A. This goes under the heading, “You don’t get to have it all.” It is impossible to run and jump around and not have an effect on the voice. Breath cannot be controlled completely when your heart is pounding because of physical activity. The more in shape you are the less you will be compromised. This is why lip syncing became popular. All those dance acts had to choose whether they wanted to honor the singing or the dance moves when performing live. The same goes for active rock bands. I think Steven Tyler is about the best at mixing the two. Of course he’s known for doing flips and running all over the place, but he also tags everything on his records. He does this by standing still for a moment while attending to the difficult vocal parts — then he’s off and running again. Singing high notes is best approached at a low volume first. I suspect you do not vocalize at all without the band. You should explore your voice every day before band practice.
Q. I’m a 20 year old male and never really sang during my youth. My girlfriend often starts singing to punk bands that we like, such as Yellowcard, All-American Rejects, and Matchbook Romance or even Evanescence.
I would LOVE to be able to sing with her and the music, but my voice is very flat. I’ve tried singing and listening to myself in my room, but I just can’t get my voice to flow and go up and down with the music. These singers have such great, clear sounding, sweet voices. I don’t need to emulate them exactly, but I at least want to be able to manipulate my voice and sing along when in the car with my girlfriend who loves to sing.
A. I’m sure there are things that you can do easily that your girlfriend finds difficult. It’s not that she can’t do these things, but she would have to work at it. This is what singing is for you . . . and me. If you want to sing better I recommend taking singing lessons. Don’t be embarrassed that you just want to sing for fun. Lessons will be the only way you’ll see your way to a better voice. There’s nothing wrong with you — singing is just a coordination of various muscles. Training these coordinations to act the way you want them to is what lessons are all about.
Q. Mark, Your free lessons aren’t helpfull at ALL. I have seen many sites that give free lessons and yours is exactly the same as theirs. I’m sure your videos and books or whatever it is your selling is helpful, but your free lessons do nothing to prove that. Imagine a grocery store, if you will, and you see an old lady giving away free samples of pizza. You take a bite, you like what you just eaten, and so you buy the product next time you stop by. Now you come along, and I’m the customer . I’m browsing along and I see you standing around the corner inside the same grocery store. You have a sign that says “Free Cookie Samples”. I walk over to you to find there are no cookies, not so much as even a crumb. I ask you ‘where are the cookies?’ and you tell me what a cookie is and what it taste like. That, my friend, is the extent of the helpfulness of your website. I have for the past 5 years been desperately trying to sing, to find this ‘voice’ everyone refers to. I occasionally find it, then it’s lost again. I’m trying to learn to sign like Dave Mustaine (megadeth), James Heitfield (Metallica), and that guy from SoundGarden. I’m trying in vain to hit those high pitches, and maintain a sweet melody. And, with the help of your web page/web site I am no closer to where I was than when I first started. Give some real advice! Quit wasting peoples time. Thats all I have to say.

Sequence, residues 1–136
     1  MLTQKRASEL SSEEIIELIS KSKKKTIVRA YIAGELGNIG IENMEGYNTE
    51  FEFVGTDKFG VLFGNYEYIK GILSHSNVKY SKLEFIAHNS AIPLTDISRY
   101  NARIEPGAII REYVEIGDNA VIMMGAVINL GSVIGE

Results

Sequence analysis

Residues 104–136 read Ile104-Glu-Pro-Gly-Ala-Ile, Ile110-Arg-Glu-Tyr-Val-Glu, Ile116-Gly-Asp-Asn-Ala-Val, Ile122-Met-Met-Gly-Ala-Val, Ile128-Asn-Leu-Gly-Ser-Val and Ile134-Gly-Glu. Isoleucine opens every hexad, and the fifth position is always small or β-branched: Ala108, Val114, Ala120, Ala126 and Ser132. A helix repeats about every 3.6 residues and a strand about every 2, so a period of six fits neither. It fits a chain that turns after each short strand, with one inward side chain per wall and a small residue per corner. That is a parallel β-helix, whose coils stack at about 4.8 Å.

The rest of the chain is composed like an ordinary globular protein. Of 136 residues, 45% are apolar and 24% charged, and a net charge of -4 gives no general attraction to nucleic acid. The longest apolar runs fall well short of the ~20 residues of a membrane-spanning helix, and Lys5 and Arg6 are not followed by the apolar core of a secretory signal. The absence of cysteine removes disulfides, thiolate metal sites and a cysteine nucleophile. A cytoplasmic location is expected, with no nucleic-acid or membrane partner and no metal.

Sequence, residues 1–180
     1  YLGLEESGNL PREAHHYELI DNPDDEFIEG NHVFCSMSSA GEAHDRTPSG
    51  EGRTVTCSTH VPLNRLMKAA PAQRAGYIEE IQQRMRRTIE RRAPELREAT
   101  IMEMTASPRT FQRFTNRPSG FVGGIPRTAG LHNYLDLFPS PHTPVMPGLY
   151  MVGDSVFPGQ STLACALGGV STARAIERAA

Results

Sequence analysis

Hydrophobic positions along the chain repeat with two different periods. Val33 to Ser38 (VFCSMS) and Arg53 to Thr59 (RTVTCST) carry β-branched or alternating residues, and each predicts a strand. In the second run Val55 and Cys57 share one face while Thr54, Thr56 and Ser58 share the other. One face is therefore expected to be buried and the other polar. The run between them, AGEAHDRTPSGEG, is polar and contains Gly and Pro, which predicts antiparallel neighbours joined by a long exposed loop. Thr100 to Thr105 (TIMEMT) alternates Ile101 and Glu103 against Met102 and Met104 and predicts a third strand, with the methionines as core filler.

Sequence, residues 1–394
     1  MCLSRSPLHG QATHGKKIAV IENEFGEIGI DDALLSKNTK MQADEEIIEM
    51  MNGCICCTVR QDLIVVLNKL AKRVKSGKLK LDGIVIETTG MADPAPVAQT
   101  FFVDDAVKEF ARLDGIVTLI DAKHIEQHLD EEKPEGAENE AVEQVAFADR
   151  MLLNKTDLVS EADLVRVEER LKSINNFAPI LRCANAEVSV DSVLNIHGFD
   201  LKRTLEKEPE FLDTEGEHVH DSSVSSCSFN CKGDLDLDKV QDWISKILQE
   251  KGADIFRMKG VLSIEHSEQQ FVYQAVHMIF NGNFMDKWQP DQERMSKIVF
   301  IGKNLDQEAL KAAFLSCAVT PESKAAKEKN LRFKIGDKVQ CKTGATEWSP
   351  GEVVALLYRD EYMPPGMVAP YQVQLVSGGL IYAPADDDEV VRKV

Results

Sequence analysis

A. Wow. . . thanks for sharing.
Q. Hello Mr. Baxter, I just want to thank you from the bottom of my heart. I’ve followed your advise in your free lesson guide and my vocals have improved almost 100%. I drink more water, I eat more raw vegetables, I vocalize everyday. I had a gig this past Sat, and the audience was standing on there feet. They told me that they have never heard me sing like that before. They told me that I sang the cover song as if I wrote them myself. That made me feel real good. Unfortunately I cannot afford the video tape that Iwant at this time, but I do plan to get it as soon as I can. But for Know I just read your monthly free advice. Again THANK YOU, THANK YOU, THANK YOU.
A. Wow . . . thanks for sharing.
Q. Mr. Baxter, you are wrong about Chris Cornell. He is NOT a baritone. Your talking voice has nothing to do with your singing range. If a person “pushes” their chest voice to tenor range, that obviously makes them a tenor.
A. Hummmm. So you’re saying that all somebody with a 36 inch waist has to do is suck in their gut and they are legitimately a 32 inch waist? That their measurement has nothing to do with their “resting” dimensions? I’m sure a lot of people will be happy to hear this. Actually, how high someone sings is not what makes them a tenor (lots of baritones can sing high notes). It’s more the ease in which they produce the notes and the lack of low range. Chris Cornell is a baritone because, although he can sing high, he can also sing very low — which a tenor cannot. A baritone sax can play many of the same high notes as a tenor sax, but a tenor sax cannot play as low as a bari. A person is not a tenor if they can sing below a tenor’s range.